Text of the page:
Insurance companies rely on aerial images to ditch risky properties

Insurance companies are leveraging aerial images of homes to drop properties deemed too risky, according to a report by The Wall Street Journal. Consumer advocates are concerned that customers are not always able to challenge images that could be out of date or inaccurate.

The increased use of aerial images also comes at a time when many home insurance carriers nationwide try to offload some risk from their property portfolios, sometimes leaving states altogether to recover from big underwriting losses.

Insurance companies use drones, manned airplanes and high-altitude balloons to take pictures of almost every building in the U.S., most of the time without the owner’s knowledge. For instance, the Geospatial Insurance Consortium, a member-centric organization initiated by the National Insurance Crime Bureau, has an airplane imagery program that covers 99% of the U.S. population.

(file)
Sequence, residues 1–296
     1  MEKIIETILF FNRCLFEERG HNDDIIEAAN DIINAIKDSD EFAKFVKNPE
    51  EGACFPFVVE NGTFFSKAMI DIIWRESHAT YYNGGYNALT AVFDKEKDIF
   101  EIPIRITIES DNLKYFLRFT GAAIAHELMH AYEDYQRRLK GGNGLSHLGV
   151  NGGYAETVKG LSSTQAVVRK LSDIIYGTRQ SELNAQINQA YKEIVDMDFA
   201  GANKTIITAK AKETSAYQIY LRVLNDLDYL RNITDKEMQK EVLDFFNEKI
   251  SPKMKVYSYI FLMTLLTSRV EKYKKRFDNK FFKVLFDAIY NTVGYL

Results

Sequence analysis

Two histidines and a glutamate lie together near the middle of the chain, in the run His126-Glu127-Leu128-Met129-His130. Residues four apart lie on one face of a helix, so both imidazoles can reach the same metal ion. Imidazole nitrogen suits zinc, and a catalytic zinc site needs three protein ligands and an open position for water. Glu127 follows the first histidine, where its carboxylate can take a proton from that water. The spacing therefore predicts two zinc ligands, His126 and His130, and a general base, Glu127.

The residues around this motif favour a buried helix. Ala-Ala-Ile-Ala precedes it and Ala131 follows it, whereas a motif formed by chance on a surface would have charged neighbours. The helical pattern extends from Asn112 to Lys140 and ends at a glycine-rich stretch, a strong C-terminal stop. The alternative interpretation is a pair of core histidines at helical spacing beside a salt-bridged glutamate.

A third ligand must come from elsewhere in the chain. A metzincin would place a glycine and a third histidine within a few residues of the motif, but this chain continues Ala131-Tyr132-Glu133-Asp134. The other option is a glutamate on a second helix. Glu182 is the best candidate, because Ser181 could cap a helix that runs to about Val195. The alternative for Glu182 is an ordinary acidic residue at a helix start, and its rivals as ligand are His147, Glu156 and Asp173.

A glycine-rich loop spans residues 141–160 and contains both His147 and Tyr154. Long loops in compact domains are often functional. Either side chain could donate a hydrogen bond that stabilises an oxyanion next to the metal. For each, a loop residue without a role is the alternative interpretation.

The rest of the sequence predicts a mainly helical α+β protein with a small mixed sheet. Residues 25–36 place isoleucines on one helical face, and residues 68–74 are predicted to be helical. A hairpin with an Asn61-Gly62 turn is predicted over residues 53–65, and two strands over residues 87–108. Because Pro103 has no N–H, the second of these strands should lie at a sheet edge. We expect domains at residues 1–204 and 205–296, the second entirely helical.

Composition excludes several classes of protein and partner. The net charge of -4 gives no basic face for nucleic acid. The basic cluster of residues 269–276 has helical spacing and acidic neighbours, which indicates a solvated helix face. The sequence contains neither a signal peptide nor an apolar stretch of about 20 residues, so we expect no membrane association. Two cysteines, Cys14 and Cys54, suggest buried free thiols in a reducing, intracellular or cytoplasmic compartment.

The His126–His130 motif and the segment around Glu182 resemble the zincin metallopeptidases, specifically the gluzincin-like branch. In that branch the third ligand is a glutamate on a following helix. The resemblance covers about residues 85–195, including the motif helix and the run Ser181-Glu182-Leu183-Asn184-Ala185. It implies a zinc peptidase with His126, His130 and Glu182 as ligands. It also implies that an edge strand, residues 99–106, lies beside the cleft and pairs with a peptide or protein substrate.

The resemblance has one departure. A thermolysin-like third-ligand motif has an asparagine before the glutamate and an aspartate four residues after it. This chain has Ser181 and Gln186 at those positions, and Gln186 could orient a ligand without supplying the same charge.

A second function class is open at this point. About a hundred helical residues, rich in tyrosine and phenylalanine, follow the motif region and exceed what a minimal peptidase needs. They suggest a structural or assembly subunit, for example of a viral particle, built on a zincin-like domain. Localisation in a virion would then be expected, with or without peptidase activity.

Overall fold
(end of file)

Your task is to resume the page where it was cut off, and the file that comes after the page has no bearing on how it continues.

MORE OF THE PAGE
Once gathered, computer models scrutinize the images looking for underwriting hazards, such as “damaged roof shingles, yard debris, overhanging tree branches or undeclared swimming pools or trampolines.” The insurers can review the flagged images and decide to not renew a policy.

“We’ve seen a dramatic increase across the country in reports from consumers who’ve been dropped by their insurers on the basis of an aerial image,” Amy Bach, executive director of consumer group United Policyholders, told The Wall Street Journal.

Insurers say that photographing properties allows them to respond more quickly to disasters and also to charge rates that better reflect a property’s risk. Several states limit the capacity of insurers to drop properties after a set time, typically one to five years.